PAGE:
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FDA Issues Small Entity Compliance Guidance for Yogurt Standard of Identity

The U.S. Food and Drug Administration (FDA) announced the availability of a Small Entity Compliance Guide (SECG) to help manufacturers comply with the FDA's final rule modernizing the standard of identity (SOI) for yogurt. This guidance arrived just in the nick of time, as the compliance deadline is January 1, 2024.

The Final Rule did two major things: first, it revoked the SOIs for lowfat yogurt and nonfat yogurt; and second, it significantly modernized the SOI for yogurt, allowing for new ingredients and manufacturing methods. Now, lowfat yogurt and nonfat yogurt must comply with the general definition and SOI in 21 C.F.R. 130.10 for foods deviating from standardized foods due to compliance with a nutrient content claim.

As detailed in the SECG, the new SOI for yogurt has several key provisions, including:

  • Setting a minimum dairy requirement. Yogurt must contain not less than 3.25 percent milk fat and not less than 8.25 percent milk solids, not fat.
  • Yogurt with 2.44% to 3.25% milk fat must be labeled with the following, which must appear together in the statement of identity: (1) The word "yogurt" in type of the same size and style for each letter, and (2) The statement "__ percent milk fat" with the blank containing the actual milk fat content of the product rounded to the nearest half percent.
  • The minimum dairy requirement must come from cream, milk, partially skimmed milk, skim milk, or reconstituted versions of these ingredients. These may be homogenized, but must be pasteurized before adding the required bacterial cultures.
  • Optional dairy ingredients can be used to increase the milk solids, not fat content of the food above the required minimum of 8.25 percent (with certain requirements).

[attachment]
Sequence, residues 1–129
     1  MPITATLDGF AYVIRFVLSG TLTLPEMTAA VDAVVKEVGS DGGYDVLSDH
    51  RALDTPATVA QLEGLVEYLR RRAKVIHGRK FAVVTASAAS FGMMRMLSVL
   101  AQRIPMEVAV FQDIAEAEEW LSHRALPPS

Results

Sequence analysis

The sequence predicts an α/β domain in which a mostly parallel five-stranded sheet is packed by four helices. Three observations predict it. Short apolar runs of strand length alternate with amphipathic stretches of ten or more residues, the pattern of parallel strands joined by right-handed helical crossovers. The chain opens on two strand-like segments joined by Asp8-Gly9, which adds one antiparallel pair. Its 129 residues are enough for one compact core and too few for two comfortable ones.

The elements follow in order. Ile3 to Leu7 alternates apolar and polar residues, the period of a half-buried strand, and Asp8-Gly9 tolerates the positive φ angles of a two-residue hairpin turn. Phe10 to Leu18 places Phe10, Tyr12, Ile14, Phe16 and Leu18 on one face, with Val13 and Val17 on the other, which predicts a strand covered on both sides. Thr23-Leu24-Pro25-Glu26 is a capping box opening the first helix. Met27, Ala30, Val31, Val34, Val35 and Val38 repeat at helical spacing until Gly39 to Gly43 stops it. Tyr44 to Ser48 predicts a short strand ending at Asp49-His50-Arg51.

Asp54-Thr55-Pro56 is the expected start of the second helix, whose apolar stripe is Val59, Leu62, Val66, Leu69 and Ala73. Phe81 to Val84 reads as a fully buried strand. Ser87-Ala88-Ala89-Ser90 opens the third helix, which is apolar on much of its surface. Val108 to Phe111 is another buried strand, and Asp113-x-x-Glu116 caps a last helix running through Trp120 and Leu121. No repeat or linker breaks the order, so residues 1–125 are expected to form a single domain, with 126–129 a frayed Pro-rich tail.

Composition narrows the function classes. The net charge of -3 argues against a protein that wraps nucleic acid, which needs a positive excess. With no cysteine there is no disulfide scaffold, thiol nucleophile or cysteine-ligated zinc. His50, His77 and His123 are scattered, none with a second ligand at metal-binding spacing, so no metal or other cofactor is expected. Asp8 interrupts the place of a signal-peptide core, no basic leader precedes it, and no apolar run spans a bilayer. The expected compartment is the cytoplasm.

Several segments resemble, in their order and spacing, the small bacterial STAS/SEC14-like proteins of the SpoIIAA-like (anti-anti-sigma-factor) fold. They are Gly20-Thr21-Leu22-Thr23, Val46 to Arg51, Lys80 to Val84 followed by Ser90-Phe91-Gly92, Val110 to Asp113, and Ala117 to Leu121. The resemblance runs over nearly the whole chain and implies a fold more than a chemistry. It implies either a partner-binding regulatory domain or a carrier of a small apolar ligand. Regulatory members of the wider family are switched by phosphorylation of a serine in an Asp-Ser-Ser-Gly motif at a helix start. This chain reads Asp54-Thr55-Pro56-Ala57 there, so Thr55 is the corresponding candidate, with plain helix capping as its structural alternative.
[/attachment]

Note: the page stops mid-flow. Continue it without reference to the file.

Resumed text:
• Yogurt must use bacterial cultures that contain specific lactic acid-producing bacteria, but companies can use other cultures as well so long as they are safe and suitable.
  • Allowing for other optional ingredients, including flavoring ingredients, color additives, stabilizers, emulsifiers, preservatives, Vitamin A, and Vitamin D. In addition, in a big win for the industry, the rule allows for the use of all safe and suitable sweeteners as ingredients in yogurt, including non-nutritive sweeteners. Note that if Vitamins A or D are added, they must be included at a minimum of 10% of the Daily Value.
  • Setting a required pH of 4.6 or lower measured on the finished product within 24 hours after filling. According to the International Dairy Foods Association, this is important because it allows for "cup-set" yogurts "to continue being made and sold, while ensuring the safety of yogurt." These are the very popular "fruit-on-the-bottom" yogurts.
  • Allowing an optional label statement that the product "contains live and active cultures" or similar language, but only if (1) the yogurt contains at least 107 Colony Forming Units per gram (CFU/g) of live and active cultures at the time the yogurt is manufactured; and (2) there is a reasonable expectation that the yogurt will maintain 106 CFU/g through the shelf life assigned to the product by the manufacturer.
  • For yogurt that is treated to inactivate live microbials, the labeling must now state: "does not contain live and active cultures."
  • Allowing the use of fat-containing flavors in lower fat milk. For example, nonfat yogurt containing the flavoring agent coconut flakes, can make a nutrient content claim corresponding to the yogurt's milk fat content (e.g., "lowfat"). The label must contain a descriptor of the fat-containing flavoring ingredient. For example, a product with 1.5% milk fat and coconut flakes as a flavoring ingredient would be labeled "lowfat yogurt with coconut flakes."

The SECG also discusses some tricky labeling elements, like how to label nutrient content claims or added vitamins. But be sure to discuss any label changes with your regulatory attorney, as even small changes to a label can have regulatory implications. Contact Alli Condra (allisoncondra@dwt.com) or Kim Bousquet (kimbousquet@dwt.com) to discuss this significant change and how it might impact you or your business.

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